WOMAD 2009 Featured Artist: Seun Kuti and Egypt 80
WOMAD 2009 Featured Artist: Seun Kuti and Egypt 80 (Nigeria)
Brooklands Park & TSB Bowl of Brooklands, New Plymouth
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Seun Kuti and Egypt 80 are more than a funk orchestra; they’re a musical family who have been united for more than 20 years.
Seun Kuti inherited his father Fela’s charisma, energy and booming voice along with his orchestra - Egypt 80. But Seun’s orchestra isn’t a clone of his fathers, even if we do see as much frenetic movement on stage and even if two thirds of the orchestra’s members were already there in Fela’s time.
Seun has added his own raging rhythm to Egypt 80 and is clearly influenced by rap; he cites Chuck D, Dr Dre and Eminem among his musical heroes. Seun’s songs are veritable treasures blossoming out of the ills that ravage contemporary Africa. Above all Seun Kuti and Egypt 80 are they are the best funk group today.
“You gave me your mud and I made gold from it” this famous Baudelaire quote could be the Kuti family motto, employed by father and son alike. Their songs, filled with the corruption, ignorance, malady, sadness, pollution and the many others ill that ravage contemporary Africa, are veritable musical treasures, flamboyant, jubilatory songs that make you want to get up and dance.
As a child Seun was his father’s
orchestra’s mascot travelling everywhere with them as his
mother (who has since passed away) danced and sang in the
chorus of Egypt 80.
Eygpt 80 is legendary in the true sense of the word. It is Africa’s equivalent of what Duke Ellington’s jungle music did for the Afro-American Diaspora and boasts some remarkable resemblances. For the last 25 years they’ve played and rehearsed daily in Lagos at the Shrine Club. This cohesion and longevity alone explains the absolutely terrifying precision of the rhythmic reflexes down to the thousandth of a second that makes their ultra-syncopated polyphony the perfect ‘swing’ model.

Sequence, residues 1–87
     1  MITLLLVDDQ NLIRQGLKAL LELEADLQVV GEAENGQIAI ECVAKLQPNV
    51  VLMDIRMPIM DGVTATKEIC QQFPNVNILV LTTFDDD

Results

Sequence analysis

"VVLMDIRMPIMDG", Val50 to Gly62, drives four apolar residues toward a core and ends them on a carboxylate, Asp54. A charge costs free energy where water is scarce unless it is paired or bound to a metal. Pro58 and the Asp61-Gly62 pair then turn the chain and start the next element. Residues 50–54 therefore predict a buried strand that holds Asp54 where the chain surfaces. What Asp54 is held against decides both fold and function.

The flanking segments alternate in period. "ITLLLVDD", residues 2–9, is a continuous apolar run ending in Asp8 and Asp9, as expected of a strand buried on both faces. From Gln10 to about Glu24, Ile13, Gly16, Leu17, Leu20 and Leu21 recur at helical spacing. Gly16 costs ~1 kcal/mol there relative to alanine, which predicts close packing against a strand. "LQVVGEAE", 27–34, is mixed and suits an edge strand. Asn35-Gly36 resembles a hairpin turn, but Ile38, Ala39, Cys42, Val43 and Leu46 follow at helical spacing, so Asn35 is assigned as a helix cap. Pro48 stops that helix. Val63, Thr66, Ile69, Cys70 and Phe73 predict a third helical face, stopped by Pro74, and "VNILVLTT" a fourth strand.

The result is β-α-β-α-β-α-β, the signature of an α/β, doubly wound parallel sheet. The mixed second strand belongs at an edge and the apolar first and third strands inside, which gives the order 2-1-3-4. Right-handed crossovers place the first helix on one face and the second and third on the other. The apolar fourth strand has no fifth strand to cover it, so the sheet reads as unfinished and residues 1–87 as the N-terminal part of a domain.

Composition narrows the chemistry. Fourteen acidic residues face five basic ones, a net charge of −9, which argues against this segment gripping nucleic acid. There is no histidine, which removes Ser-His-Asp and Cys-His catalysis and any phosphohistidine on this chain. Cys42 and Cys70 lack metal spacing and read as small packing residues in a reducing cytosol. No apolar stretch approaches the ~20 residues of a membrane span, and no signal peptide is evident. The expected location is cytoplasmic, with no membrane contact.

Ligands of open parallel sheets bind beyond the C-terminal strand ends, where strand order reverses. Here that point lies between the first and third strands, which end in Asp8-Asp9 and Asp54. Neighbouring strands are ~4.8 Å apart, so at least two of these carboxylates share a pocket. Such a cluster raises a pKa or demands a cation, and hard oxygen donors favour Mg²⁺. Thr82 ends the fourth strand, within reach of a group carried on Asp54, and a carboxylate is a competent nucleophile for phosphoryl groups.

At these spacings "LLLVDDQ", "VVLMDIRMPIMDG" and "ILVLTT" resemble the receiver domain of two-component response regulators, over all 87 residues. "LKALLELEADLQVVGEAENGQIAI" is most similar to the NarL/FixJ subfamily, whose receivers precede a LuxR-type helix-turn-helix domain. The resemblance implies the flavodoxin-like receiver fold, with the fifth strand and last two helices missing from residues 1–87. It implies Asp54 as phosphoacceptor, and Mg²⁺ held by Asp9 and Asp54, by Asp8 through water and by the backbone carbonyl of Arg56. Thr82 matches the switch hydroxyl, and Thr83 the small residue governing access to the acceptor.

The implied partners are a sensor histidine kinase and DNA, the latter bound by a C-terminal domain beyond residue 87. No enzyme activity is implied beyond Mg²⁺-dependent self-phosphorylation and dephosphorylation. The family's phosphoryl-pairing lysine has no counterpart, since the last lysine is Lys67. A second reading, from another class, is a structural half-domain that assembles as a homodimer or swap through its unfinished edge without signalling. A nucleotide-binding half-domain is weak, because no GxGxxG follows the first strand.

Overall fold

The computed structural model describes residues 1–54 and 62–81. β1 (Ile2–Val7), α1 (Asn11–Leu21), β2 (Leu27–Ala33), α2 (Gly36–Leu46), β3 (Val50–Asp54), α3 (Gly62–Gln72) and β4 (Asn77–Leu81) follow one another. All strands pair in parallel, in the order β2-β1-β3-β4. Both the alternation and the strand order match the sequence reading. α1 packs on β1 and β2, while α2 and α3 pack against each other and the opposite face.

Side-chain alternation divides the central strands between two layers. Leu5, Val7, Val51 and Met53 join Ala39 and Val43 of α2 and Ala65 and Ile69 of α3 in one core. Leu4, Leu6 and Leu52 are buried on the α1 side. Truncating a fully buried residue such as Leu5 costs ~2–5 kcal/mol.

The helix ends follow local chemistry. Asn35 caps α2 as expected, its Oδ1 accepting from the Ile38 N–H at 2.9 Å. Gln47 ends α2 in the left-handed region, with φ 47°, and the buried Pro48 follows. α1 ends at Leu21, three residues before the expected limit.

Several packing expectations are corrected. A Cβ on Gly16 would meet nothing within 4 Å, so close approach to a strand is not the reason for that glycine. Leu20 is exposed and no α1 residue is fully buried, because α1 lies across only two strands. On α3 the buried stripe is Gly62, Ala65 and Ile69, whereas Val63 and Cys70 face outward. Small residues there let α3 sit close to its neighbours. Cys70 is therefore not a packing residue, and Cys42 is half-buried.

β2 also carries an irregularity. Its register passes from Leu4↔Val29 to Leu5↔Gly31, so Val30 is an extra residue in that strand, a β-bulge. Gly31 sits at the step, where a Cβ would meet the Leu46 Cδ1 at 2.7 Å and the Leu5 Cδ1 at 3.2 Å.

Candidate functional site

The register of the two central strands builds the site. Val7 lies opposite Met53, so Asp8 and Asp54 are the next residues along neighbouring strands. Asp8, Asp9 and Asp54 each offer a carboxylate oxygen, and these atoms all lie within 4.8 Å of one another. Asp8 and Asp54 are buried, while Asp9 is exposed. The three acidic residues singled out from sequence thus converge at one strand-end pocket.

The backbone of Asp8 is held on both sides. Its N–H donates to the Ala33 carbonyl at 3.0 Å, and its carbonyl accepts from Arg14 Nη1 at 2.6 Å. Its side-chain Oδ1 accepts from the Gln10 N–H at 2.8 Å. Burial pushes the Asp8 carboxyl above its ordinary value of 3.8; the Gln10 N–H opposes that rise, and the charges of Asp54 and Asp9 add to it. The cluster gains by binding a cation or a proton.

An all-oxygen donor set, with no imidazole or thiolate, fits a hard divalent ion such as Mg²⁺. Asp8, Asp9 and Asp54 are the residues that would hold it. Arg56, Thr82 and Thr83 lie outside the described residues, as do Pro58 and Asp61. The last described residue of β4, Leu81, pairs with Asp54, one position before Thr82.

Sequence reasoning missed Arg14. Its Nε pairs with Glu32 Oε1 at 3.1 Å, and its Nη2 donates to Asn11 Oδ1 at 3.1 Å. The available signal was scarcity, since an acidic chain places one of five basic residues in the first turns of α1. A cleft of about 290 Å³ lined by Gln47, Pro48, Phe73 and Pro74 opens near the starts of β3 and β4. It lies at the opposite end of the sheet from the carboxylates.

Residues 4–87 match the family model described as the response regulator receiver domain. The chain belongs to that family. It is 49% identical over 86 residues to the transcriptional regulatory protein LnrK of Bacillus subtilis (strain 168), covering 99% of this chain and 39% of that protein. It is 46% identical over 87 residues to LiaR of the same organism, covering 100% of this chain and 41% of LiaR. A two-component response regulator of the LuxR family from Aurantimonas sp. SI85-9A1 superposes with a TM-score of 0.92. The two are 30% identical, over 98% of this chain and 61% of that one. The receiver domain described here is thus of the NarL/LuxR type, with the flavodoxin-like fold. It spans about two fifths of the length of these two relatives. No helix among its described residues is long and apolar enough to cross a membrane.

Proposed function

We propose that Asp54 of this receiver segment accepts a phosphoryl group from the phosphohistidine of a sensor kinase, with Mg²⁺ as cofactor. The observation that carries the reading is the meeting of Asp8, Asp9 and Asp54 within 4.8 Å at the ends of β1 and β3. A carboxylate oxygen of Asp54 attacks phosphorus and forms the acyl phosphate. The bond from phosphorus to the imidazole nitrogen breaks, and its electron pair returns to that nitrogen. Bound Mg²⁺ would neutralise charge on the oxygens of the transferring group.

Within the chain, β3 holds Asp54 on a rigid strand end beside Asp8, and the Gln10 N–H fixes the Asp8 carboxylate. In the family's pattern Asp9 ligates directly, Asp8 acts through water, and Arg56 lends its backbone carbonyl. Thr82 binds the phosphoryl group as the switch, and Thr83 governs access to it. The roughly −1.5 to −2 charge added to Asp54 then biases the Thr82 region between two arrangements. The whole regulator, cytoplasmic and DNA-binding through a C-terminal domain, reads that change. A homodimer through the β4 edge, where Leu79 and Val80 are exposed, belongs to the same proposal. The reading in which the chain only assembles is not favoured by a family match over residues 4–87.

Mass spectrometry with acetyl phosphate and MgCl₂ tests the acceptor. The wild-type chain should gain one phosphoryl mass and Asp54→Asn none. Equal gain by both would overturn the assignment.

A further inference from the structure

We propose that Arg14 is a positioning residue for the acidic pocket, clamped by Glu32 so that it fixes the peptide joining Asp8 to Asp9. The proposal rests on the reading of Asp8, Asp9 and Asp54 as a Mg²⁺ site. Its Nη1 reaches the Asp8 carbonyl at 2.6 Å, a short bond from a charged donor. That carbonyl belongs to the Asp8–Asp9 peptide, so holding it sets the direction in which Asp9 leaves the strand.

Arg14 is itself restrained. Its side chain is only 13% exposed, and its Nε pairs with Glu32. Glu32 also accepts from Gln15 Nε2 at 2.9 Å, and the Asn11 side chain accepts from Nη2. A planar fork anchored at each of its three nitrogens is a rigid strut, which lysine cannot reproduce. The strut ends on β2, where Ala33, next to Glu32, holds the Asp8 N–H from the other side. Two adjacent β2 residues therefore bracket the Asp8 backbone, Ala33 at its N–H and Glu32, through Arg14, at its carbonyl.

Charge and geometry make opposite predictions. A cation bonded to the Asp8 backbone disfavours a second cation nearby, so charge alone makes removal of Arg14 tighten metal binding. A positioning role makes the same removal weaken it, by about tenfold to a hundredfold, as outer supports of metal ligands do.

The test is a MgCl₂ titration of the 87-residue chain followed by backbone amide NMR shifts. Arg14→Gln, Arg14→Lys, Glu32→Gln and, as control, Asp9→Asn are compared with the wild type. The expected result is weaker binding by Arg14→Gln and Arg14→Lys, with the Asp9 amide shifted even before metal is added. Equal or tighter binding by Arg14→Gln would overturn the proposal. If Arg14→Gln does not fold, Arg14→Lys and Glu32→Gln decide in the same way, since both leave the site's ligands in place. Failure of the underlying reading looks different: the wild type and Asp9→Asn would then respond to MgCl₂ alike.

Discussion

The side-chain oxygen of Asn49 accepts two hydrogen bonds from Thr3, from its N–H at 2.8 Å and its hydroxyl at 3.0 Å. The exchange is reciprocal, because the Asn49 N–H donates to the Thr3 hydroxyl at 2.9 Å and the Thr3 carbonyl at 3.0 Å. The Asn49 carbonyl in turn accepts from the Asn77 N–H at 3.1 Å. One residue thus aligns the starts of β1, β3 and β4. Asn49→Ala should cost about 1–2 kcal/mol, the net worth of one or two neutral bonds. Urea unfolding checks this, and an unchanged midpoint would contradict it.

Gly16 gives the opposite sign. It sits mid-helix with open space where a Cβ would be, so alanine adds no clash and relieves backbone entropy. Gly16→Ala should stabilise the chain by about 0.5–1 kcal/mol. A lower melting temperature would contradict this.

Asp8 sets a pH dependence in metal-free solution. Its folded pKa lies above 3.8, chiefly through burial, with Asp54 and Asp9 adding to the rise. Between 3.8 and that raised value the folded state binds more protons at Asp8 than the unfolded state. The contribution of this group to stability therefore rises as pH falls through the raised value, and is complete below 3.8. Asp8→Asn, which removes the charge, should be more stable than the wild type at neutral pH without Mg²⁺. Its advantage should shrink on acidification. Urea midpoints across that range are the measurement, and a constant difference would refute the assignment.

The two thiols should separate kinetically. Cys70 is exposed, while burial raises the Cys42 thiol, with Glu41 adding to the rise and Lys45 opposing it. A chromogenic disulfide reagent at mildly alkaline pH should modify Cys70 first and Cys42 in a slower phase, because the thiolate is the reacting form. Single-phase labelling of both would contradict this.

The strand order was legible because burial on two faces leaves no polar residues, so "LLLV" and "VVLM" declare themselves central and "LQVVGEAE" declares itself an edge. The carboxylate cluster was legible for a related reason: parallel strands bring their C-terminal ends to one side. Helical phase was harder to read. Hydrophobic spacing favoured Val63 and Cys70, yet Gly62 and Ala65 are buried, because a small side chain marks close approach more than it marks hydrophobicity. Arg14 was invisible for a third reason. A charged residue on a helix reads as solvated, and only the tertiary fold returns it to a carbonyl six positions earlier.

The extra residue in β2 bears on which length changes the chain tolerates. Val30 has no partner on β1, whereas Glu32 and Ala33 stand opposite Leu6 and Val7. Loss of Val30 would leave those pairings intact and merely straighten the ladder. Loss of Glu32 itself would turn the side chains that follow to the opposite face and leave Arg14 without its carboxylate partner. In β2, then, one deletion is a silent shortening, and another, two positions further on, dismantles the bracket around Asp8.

It could seem passé to use a word like swing, but it’s difficult to find a better way to characterise Afrobeat at this level of expression. Let’s not forget that in the 1930s and 40s, Ghana and then neighbouring Nigeria adopted and adapted jazz to create “highlife”, the direct ancestor of Afrobeat, which Fela himself practised in the early days.
Today Seun too makes the most of this long musical tradition. Aged eight, Seun would find himself back stage at the Harlem Apollo, the place where, little did he know, all the Afro-American musical greats from Aretha Franklin to James Brown, had begun. He watched his father sing and said to himself, “I want to sing too.” Fela laughed but let him try anyway... with success.
From that moment on
Seun never quit the orchestra, taking control after his
father’s death from AIDS in 1997. He briefly studied
music, as his father had long ago, in England.
So, ten years after Fela’s death, the orchestra of which he was so proud continues, and there’s no doubt that he would be happy with what his son is doing and proud of the singer that he has become.
His first American tour in 2007 was certainly on everybody’s lips. The Egypt 80 musicians only got their visas after Barack Obama intervened and their concert in Chicago practically became a riot as hundreds of spectators leapt onto the stage, much to the distaste of the security services. The festival organiser declared it the best concert of his life!
All you have to do now is see Seun Kuti and Egypt 80 live and understand why all other dance music seems so desperately mechanical, static and dull when compared to the incredible Afrobeat of Seun Kuti and Egypt 80.